If you love espresso shots, and love convenience, this is a great machine and an eye-catching conversation piece, too.
Positive Product Points
- very cool to look at - very easy to use - makes excellent espresso of consistent quality - coffee pods are always fresh and come in a number of varieties - quick clean up - incredibly thick crema, every time
Negative Product Points
- it's a little bit noisy - pods are expensive and available at limited locations - limited variety of pods (i.e. you can't make your own blends or experiment) - it's manual - steaming milk can be a bit fiddly; you have to keep a careful eye on the indicator lights to ensure you're steaming the milk and not just adding hot water to it.
We had been wanting a fully automatic Capresso C3000 for quite some time, so when we passed the Nespresso booth at the Las Vegas Coffeefest we didn't really give their machines a second thought. The machine looked very cool, but we weren't interested in another manual espresso machine. We also assumed that the use of pods would result in stale, bland coffee. We tried a free sample, however, and we were hooked.
Our Nespresso C190 makes amazing espresso, and I think we're pretty fussy about our coffee. Just pop a pod in the machine, pull down the handle to close the lid (and puncture the pod), then pull the control lever towards you to draw water through the pod and into your waiting cup. That's about it. When you're finished, push the lever back to the "neutral" position, open the lid, and the pod is dumped into a little trash receptacle in the machine (it holds about 10 spent pods). Clean up consists of simply sliding the bottom tray out, dumping the old pods in the trash, and giving the receptacle a rinse if desired.
Water is stored in a removable water tank which attaches to the back of the machine (the same way a water jug attaches to the office water cooler, but on a much smaller scale). We use bottled water because we have very hard water and haven't had any scale buildup yet.
Steaming milk is also possible. Once you've made your espresso, flip a rocker switch to the "steam" position, and the indicator light will start to flash amber. When it changes to a solid amber, you put the steam nozzle into your milk then push the control lever away from you to produce steam. I have a couple of caveats about steaming milk with the C190, however. The nozzle is intended to fit in just a small espresso cup, so steaming larger quantities of milk is a bit more awkward. The base of the machine tends to get in the way if you try to steam milk in a stainless steel jug, for example. Also, if you put the machine into "steam mode" then wait too long to actually start steaming milk, it will overheat and automatically take itself out of steam mode and the indicator light will rapidly flash green. If you notice this has happened, you just flip the rocker switch back to steam mode again. If you don't notice, you end up shooting hot water into your milk instead of steam. So, a bit of diligence is required when steaming milk. Cleanup is a breeze again, though. The steam nozzle unscrews for convenience.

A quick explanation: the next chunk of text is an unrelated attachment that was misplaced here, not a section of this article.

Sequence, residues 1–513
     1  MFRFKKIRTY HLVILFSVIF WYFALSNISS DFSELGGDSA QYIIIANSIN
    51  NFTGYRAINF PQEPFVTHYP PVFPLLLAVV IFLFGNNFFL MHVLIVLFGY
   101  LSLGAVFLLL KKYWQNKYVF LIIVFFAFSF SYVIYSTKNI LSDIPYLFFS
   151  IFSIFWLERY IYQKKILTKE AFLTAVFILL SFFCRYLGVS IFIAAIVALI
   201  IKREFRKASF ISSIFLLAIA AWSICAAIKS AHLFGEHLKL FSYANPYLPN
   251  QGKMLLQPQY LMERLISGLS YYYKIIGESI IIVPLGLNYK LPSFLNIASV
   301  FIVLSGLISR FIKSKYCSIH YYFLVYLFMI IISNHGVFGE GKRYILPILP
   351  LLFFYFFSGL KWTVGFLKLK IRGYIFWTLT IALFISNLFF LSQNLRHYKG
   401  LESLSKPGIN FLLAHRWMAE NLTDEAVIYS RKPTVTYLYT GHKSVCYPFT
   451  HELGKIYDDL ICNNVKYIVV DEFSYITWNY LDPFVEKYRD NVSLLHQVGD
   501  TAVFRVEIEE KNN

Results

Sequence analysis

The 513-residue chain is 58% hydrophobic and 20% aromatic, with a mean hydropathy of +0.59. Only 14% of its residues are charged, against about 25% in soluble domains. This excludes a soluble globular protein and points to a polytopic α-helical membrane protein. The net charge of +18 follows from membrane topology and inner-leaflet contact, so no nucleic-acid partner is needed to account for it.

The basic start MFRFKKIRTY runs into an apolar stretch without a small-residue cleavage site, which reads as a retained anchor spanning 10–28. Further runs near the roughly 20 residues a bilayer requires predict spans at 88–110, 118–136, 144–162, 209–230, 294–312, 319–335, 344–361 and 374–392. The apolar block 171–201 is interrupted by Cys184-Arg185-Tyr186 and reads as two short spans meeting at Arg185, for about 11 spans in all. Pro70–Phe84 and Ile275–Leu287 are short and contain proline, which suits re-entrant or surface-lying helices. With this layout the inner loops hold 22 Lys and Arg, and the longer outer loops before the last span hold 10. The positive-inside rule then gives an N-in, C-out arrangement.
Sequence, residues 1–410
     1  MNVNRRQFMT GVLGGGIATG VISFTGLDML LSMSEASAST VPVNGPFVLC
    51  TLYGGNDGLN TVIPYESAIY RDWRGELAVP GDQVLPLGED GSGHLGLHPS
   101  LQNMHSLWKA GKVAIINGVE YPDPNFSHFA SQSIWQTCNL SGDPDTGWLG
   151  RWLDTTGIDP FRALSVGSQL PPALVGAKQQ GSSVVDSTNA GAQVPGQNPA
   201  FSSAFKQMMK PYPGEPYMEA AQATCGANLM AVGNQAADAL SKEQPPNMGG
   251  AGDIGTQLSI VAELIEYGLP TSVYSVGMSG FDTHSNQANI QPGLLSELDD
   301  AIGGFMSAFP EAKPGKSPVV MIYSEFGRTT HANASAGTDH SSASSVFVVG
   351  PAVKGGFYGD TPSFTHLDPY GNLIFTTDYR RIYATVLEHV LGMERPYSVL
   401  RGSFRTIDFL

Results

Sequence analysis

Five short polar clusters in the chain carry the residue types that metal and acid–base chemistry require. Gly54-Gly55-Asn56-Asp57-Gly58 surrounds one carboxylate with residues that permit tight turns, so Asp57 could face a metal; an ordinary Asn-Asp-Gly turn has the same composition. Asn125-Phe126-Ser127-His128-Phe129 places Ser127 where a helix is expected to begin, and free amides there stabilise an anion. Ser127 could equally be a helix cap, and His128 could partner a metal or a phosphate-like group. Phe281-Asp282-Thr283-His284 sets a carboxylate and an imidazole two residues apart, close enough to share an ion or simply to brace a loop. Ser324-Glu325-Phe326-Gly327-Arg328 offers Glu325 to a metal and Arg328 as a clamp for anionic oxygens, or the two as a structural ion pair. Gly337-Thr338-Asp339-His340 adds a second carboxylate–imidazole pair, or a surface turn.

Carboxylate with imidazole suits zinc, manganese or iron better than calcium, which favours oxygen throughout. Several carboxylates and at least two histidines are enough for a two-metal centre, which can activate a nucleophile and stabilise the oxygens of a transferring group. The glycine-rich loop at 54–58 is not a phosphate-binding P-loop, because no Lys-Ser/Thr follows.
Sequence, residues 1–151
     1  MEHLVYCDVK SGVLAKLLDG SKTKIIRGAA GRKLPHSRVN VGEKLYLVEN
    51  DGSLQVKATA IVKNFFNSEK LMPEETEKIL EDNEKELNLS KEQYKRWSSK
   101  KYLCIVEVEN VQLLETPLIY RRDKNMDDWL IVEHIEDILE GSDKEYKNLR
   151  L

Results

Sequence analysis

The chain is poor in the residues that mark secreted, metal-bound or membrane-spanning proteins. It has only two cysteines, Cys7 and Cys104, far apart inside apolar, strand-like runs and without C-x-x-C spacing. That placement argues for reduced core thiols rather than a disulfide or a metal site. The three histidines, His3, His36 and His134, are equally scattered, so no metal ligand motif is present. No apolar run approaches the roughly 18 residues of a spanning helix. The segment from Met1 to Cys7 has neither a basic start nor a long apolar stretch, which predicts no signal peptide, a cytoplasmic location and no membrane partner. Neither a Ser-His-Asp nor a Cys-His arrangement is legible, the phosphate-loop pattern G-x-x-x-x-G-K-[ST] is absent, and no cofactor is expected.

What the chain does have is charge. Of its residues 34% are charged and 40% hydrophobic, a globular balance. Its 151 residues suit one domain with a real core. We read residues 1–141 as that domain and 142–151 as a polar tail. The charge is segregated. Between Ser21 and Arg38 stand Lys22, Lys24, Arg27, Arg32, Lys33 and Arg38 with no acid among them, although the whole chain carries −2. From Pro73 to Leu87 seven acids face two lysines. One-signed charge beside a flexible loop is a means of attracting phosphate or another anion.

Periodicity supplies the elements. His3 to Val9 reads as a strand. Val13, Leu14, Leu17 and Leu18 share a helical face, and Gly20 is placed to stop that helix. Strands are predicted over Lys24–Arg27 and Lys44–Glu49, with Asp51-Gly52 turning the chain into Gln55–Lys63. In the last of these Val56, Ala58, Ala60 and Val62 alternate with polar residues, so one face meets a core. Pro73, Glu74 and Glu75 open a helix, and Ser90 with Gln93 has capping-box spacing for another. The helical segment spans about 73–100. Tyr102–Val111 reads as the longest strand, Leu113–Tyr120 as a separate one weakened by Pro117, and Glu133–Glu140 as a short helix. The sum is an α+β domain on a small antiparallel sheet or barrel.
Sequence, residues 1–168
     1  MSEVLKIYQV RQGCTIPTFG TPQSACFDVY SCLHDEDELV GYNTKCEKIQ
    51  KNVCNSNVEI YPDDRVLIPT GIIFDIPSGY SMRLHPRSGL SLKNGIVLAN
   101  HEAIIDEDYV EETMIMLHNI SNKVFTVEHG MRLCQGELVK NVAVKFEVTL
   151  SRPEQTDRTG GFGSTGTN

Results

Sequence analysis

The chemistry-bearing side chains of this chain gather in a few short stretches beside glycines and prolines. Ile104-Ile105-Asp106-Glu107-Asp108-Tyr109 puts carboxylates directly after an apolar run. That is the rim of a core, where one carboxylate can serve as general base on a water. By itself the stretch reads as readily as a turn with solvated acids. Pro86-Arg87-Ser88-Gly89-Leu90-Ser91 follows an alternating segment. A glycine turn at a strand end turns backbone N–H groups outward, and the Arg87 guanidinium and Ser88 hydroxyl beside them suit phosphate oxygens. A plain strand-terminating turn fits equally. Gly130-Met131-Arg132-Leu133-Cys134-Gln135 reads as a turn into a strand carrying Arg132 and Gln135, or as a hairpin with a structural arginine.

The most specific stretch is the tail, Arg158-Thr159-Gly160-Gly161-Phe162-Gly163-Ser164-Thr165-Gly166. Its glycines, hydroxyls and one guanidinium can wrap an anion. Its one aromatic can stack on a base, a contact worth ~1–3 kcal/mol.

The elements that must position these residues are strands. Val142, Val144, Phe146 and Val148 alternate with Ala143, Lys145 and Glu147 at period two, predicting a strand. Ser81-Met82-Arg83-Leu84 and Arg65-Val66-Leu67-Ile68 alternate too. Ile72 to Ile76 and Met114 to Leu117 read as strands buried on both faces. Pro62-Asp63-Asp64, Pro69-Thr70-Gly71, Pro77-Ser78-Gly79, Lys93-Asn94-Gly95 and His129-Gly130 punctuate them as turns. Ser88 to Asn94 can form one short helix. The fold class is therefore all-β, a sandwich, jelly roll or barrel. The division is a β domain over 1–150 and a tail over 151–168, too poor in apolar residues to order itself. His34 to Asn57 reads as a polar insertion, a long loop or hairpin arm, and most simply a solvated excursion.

The best thing about our C190 is just the quality of the espresso. We think it's superb, and the crema is so thick it looks like the head on a mug of root beer. We keep small espresso cups around to help us measure the amount of water needed, so that takes some of the bother out of the "manual" part. The machine heats up quickly, and I can make two shots (and cleanup), in about two minutes.
The coffee pods have been excellent. We've tried all 10 blends, as well as some of Nespresso's seasonal offerings, and think they're all wonderful and distinctive. The color of the pod is related to the darkness of the roast, so a lighter pod means a lighter roast, and vice-versa. They also provide two distinctly different decaf blends. They aren't cheap -- each pod costs about 45 cents. However, there's no grinding, no measuring, and no tamping, and it's still a great deal compared to what we'd normally spend at Starbucks.
We bought our machine directly from the local Nespresso distributor in Las Vegas, Coffessimo.com. We paid $325 cash, and were given 10 free sleeves of pods of our choice (the equivalent of 100 pods, or $45 worth of product).
We buy our pods directly from Nespresso.com now, and they have wonderful customer service. Orders are shipped UPS 2-day for only $4.95, and they often include free sample pods. With our first order, we received a gift of a beautiful sampler box containing two of every type of pod available, so we were able to try them all. Our recent order of pods came a bit damaged (4 pods were crushed), and Nespresso immediately sent out a full-sleeve, 10 pod replacement at no charge.